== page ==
MadSci Network: Physics

Re: Would explosive weapons be effective in space?

Date: Wed Jan 11 20:20:54 2006
Posted By: David Coit, Aerospace Engineer, Naval Air Warfare Center - Weapons Division
Area of science: Physics
ID: 1136496454.Ph


There are several ways a warhead can eliminate a threat, and the preferred
method will depend on the type of target. For a sophisticated electronic
target, it might be effective to use an electromagnetic pulse (EMP) to
induce a high current through its sensitive electronic parts, frying them.
High heat or pressure can make an absolute mess out of "soft targets" (a
euphemism for "people"). Some things, such as heavily armored tanks, can be
disabled with a shaped charge that can penetrate the armor and maybe bounce
around inside to maximize the damage. Most warheads are capable of
eliminating threats in multiple ways, and are not designed to simply "blow
them to pieces." 

For example, the 500 pound MK-82 is a staple of modern air forces, even
though it has been around since the early 1960s. If it scores a direct hit
on a building, its nearly 200 pounds of high explosives are enough to do
significant damage to the structure and anything inside. However, it is
also effective against smaller, more mobile targets because even if it
misses by a little bit, the 300 pounds of other material that surrounds the
explosive will fragment and fly at high velocity in all directions. I know
what you're thinking: maybe the MK-82 is effective, but its big brother,
the 2000 pound MK-84, is just plain awesome. I agree, but this was just an

This finally brings me around to answering your question. Determining how
effective a given warhead would be against a given target can be extremely
difficult. There are many sophisticated analytical and statistical methods
for calculating this quantitatively, but it's always good to back up your
calculations with real experiments, and both are done in the real world.
Many people would think that designing and carrying out these experiments
would be about the coolest job ever, and I am here to tell you: they are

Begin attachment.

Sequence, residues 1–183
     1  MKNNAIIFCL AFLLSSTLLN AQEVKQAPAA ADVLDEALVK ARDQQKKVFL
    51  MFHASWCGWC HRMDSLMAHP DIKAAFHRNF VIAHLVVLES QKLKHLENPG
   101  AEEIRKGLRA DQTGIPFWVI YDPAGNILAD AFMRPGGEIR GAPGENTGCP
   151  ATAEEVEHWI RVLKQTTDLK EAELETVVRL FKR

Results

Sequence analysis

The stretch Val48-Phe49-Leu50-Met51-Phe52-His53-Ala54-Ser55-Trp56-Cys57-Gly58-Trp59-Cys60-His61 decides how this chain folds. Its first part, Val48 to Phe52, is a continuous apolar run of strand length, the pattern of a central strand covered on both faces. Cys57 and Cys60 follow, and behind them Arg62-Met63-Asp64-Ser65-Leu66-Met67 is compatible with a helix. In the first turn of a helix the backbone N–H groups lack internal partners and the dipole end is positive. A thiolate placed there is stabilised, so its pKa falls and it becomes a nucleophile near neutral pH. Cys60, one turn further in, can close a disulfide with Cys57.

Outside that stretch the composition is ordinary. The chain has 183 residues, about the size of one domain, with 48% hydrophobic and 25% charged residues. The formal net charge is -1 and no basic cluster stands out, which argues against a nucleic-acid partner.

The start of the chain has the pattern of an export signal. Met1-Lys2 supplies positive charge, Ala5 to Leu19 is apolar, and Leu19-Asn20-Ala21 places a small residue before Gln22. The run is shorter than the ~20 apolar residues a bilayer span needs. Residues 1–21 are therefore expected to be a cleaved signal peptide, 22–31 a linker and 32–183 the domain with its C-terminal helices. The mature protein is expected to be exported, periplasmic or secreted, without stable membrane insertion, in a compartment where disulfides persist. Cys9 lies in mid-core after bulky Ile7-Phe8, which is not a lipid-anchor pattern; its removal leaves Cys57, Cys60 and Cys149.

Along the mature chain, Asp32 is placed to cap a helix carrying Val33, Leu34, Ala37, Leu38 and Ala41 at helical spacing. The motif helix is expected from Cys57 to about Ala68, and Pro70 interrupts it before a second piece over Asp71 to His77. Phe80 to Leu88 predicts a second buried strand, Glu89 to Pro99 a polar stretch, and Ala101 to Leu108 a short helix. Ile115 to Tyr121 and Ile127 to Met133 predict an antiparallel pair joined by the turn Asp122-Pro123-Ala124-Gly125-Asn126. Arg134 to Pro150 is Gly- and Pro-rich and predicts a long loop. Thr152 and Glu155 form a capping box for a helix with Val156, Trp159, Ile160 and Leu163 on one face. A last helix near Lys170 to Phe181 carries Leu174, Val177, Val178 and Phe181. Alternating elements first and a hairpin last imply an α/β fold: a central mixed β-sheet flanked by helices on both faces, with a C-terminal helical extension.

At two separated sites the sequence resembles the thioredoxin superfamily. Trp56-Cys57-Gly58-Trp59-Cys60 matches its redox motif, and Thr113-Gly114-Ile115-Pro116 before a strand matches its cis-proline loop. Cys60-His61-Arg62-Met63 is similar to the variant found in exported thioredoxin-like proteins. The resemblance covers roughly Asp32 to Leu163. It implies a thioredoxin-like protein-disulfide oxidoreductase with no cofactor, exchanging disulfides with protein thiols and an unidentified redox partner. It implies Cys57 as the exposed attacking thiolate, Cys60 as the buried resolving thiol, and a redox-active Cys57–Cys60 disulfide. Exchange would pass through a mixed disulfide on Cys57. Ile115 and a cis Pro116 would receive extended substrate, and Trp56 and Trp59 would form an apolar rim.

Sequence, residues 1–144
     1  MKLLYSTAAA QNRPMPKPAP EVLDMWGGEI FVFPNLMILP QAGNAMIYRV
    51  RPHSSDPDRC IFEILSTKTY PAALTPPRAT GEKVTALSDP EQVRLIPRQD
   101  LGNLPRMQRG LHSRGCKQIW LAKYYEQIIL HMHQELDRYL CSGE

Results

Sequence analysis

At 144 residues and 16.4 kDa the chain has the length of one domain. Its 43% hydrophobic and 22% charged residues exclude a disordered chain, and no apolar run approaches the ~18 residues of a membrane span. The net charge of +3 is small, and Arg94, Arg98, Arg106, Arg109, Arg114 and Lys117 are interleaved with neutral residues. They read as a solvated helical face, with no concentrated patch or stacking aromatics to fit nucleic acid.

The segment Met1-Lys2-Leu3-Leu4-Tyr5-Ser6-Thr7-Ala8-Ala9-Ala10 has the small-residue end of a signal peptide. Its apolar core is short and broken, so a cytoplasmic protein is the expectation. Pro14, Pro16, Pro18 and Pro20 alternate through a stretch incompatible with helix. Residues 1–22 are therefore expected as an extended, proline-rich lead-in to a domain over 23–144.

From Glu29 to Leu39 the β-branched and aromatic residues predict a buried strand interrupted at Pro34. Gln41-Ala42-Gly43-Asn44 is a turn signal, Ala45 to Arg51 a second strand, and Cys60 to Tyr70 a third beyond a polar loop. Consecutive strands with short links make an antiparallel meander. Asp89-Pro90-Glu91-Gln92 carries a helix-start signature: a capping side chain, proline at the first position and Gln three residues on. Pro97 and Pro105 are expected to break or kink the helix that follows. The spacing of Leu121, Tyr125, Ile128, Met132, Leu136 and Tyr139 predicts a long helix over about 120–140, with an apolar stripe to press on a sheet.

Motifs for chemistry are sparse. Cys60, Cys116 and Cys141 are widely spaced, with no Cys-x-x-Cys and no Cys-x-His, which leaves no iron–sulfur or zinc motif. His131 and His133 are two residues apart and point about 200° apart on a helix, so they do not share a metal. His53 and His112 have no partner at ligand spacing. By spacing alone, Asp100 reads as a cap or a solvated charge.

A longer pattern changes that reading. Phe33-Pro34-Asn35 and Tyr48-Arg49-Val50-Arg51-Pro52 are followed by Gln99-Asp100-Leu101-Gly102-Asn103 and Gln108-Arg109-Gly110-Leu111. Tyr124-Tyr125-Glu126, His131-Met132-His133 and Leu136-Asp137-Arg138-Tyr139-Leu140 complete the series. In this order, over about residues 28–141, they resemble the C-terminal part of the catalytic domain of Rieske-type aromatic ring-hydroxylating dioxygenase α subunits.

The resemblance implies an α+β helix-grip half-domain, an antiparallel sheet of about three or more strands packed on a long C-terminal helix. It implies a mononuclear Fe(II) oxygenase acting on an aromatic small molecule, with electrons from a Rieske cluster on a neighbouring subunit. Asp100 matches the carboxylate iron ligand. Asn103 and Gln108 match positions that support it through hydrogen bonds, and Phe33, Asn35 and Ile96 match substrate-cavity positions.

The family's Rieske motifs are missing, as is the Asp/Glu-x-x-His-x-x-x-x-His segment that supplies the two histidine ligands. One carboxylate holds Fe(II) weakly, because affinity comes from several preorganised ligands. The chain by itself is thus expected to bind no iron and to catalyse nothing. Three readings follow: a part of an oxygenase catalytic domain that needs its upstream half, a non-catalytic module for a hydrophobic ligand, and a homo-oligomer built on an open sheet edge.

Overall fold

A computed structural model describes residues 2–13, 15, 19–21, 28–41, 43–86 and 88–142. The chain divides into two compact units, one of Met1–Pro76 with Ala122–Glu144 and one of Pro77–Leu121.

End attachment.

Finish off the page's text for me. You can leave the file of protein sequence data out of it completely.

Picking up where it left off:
right! But I digress. My point is that your question is difficult to answer
even if you specify a weapon and target, and you're asking generally about
any possible future weapon and target. I think maybe the best way to answer
your question is to discuss the basic methods I outlined above in a
qualitative way. 

If you are very accurate and can score a direct hit, just about any
machinery can be disabled by explosives alone. You mention in your question
that explosives generate a shock wave in an atmosphere, and that's true,
but any detonation generates a shock wave in the detonating material. That
shock wave spreads outward and carries material at high speeds, even if the
detonation occurs in a vacuum. If you are close enough, and have enough
explosive power, you will do damage. However, it will probably not be
economical to disable space-based threats purely with explosives. Adding
material that will fragment and send shrapnel towards your target gives you
a lot of bang for your buck. Even a small piece of metal traveling at very
high speed can tear apart the target and prevent it from functioning. This
is true both in the atmosphere and out of it. It doesn't matter if you
accelerate the fragments with electromagnetic forces (as in a railgun) or
with conventional explosives, this has been the preferred method for
eliminating enemy threats since the invention of the sling (granted, we've
gotten a lot better at slinging things). Since conventional explosives are
a simple, effective, and relatively cheap way of throwing shrapnel, I don't
see them becoming obsolete even if future threats are in the vacuum of
space. That's not to say we won't develop new weapons. For example a laser
can be very fast, powerful, and has an advantage in that it is easy to
change its aimpoint by a large amount simply by moving a mirror a little
bit. The technology isn't quite here yet to make it economical, but there
is a lot of research going on. 

Still, the future you are asking about is decades away, and it's always
tricky to predict where technology will be that far down the road. How many
people in the 1970s would have predicted the internet or the personal
computer? The real test will be to wait a few decades and then go back and
watch some of these old movies again. Unfortunately the only thing I'm sure
will be the same is that human beings will be fighting each other because
they are both greedy and vengeful. 

David Coit

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